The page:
Permanent installation for Yakima racks?

watch where you drill
Just wanted to add a word of caution—

I drilled the roof of my '07 FIT for Yakima rails and very nearly cut a wire for the Air Bag System. Do your homework. 7 years later and all is still fine.

we had a 60s GMC work truck

– Last Updated: Aug-02-13 5:42 PM EST –

with metal headliner. In fact the only things in the interior that weren't metal were the steering wheel, window knobs and dashboard top. Face of the dash was even metal.

I’ve seen old trucks and cars with all-metal interiors, but always with the exception of the headliner. I wish I could remember what the interior of our '49 IHC pickup was like, but our '71 IHC Travelall when I was a kid had lots of metal on the inside, metal that was too thick to easily dent with a hammer in fact, but inside door panels were fabric-coated “hard board” and the headliner was a sheet of some kind of compressed-paper product. Still it’s hard to believe that this day and age, when every bit of interior surfacing and door-pillar trim is made of plastic, that a recent-model F150 has a metal headliner. They won’t even put much steel in the bumpers anymore (used to be you needed both hands just to lift a bumper, but now they’ve got the weight down to about 15 pounds, and you can even slightly bend the bumper’s sheet metal with your fingers) so no way are they installing additional steel where fabric and foam covered cardboard has long been the norm.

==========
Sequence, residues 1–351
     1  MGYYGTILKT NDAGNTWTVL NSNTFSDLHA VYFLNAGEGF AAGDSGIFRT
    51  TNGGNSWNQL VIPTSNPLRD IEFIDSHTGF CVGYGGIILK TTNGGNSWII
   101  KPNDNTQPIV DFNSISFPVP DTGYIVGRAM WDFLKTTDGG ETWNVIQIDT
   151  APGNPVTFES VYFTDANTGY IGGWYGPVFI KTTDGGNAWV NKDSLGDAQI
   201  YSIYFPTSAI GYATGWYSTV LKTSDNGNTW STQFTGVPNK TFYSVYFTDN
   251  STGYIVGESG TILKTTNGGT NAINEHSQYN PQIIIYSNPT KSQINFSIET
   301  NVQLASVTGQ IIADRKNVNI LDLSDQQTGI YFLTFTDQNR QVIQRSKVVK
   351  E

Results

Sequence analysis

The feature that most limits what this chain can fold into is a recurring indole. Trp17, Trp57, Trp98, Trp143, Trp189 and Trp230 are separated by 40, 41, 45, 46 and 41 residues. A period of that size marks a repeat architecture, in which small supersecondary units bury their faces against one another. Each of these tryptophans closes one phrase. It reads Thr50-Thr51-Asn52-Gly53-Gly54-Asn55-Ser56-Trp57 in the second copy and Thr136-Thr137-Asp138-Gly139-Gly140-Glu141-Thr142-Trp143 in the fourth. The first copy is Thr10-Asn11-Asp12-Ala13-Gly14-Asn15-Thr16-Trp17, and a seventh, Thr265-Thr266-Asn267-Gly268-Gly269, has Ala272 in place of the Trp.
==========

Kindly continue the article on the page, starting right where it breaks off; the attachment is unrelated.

Very true - get the factory repair manua

– Last Updated: Aug-03-13 4:37 PM EST –

Toyota used to (and probably still does) offer access to their repository for electronic download of all the factory repair manuals for a small fee ($10?) for a limited time access. I had all the manuals for my Camry this way and they were quite handy over the 13-14 years i've had it. Did that for the older Prius too. Same with my new Honda - $10 or so for a 3 day full access to download all I want from Honda (unfortunately, piecemeal not as one full package). I could see in the schematics where the wiring and airbags are supposed to be and where the roof structural support is, etc. when I drilled, I could see through the holes that the schematics from the manual were pretty much right.

While the download subscription was active, I also downloaded the pages for other useful things such as brakes, battery/hybrid battery wiring, transmission, oil, radio, engine, etc., so I could do my own maintenance, repairs, and troubleshooting. I've saved thousands by following simple diagnostics to detect faulty O2 sensor or other cheap and easy to replace parts where mechanics usually tell you need a $2K repair by just looking at fault codes from their scanners (which, while useful, are not the whole story).

Someone asked me…
So I’m posting my thinking here too:

For what is worth, I think some of the outdoor retail stores who install racks, and especially kayak specific retailers, would do a better install than a random auto shop. However, you might want to ask your Toyota dealer for a printout of the pages from the Prius V body shop/mechanics manual pages that show the sheet metal on the roof and door sills and the wiring for the side air bags and the dome lights - you will want to avoid these when drilling… These can be downloaded off the web from Toyota’s web site for a nominal subscription fee too.